Rethinking Land Art — as happens with any institutionalized genre — is inevitable, especially in the era of the “anthropocene,” a term points to the modification of the earth’s surface by human activities — urbanization, desertization, mining, not to mention the visualization of the earth via the mechanical gaze of satellites — despite the current debate around it. The land as a nowhere — the Gaia’s empty box as an extension of the capitalist system — is transformed by the flow of its own image. When Google Earth can teleport us anywhere with a single click (though perhaps not to China, where this function is blocked), the vanishing nowhere appears to become closer, when in fact it has merely been “lumped together” with other objects by a uniform Heideggerian “distancelessness.” Timothy Morton’s concept of the “hyperobject” may offer an elaborate description of “land”: it is viscous, something that can never be shaken off; it is distributed widely in a temporal-spatial way; it is both transdimensional and non-local. Land as a hyperobject may transform Land Art’s battle with the consumerist world — not with its rawness and remoteness but through all of the aforementioned properties. Yet we don’t know who will have the last laugh, as capital is also a hyperobject, and the temporal-spatial elongation of “land,” which once transcended the consumerist system, may be dissolved by the accelerationist horizon of capital, where the future is no longer produced but instead becomes the apocalyptic end of a long present.
The new political understanding of land in China gives rise to another type of quasi-Land Art that does not directly assault the system but surfs along it, revealing the power vectors that are inscribed upon land as objects and concepts, using land-based systems to open up new regions previously unknown by those systems. Despite the explosion of the real estate market in China, land privatization is impossible; land ownership means a lease between the people and the government for not more than seventy years. Land is scarce in China like anywhere else, but the rights of use, occupation and operation, and the transferability of those rights and their restrictions (for example, changing the use of farmland is difficult) weave a tapestry that surpasses the area of the land itself.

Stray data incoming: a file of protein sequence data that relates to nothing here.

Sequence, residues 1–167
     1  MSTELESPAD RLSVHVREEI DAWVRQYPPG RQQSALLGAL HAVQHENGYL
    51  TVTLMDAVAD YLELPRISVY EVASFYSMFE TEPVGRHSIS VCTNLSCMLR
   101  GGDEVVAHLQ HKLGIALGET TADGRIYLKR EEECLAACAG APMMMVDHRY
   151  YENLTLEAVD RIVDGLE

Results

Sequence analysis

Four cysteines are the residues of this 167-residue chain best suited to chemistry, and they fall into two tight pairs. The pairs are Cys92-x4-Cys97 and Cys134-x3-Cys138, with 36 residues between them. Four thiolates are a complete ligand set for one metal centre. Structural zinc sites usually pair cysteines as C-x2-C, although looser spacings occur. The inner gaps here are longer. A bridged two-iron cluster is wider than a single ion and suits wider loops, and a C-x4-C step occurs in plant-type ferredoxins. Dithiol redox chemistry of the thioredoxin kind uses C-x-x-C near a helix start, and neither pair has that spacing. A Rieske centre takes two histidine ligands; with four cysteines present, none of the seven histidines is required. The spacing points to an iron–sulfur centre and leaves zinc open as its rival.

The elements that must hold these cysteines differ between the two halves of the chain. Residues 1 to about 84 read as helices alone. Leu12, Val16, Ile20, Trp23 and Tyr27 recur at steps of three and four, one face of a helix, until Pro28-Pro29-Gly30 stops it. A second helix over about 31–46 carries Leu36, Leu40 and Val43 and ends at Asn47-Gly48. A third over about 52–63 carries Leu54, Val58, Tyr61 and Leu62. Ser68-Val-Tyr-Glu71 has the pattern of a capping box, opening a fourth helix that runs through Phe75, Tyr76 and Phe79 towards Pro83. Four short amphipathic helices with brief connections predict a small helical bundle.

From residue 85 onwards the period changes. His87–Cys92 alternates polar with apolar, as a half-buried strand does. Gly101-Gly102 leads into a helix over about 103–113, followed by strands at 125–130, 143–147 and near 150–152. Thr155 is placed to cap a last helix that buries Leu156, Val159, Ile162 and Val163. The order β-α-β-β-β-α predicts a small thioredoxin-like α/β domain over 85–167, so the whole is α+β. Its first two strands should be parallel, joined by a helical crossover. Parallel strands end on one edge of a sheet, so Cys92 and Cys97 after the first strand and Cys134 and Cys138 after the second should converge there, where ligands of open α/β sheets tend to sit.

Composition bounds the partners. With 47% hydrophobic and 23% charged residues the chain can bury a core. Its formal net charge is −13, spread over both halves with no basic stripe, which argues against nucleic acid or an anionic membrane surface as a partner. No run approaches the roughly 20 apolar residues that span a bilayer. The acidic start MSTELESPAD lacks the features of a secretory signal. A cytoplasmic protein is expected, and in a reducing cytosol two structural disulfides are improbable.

In 1993, Chinese artist Wang Jianwei went back to the village where he spent his days during the “Down to the Countryside” movement. He provided farmers with the seeds of an advanced breed of wheat, forming a contract in which the artist would share the harvest. The outcome was a satisfactory harvest that accrued the artist fifty kilograms of wheat — after the peasants gave a certain share to the government. The project, Circulation: Sowing and Harvesting (1993–94), appropriated the post-People’s Commune contract system, wherein peasants are allowed to manage their land (owned by the Party-State) and participate in the market with their surplus crop. Orchestrated by the growth cycle of the crop, the artwork serves as an experimental field for visualizing agricultural labor and the land as a physical platform. It stages a miniature cycle steered by an invisible hand after the era of China’s semi-planned economy.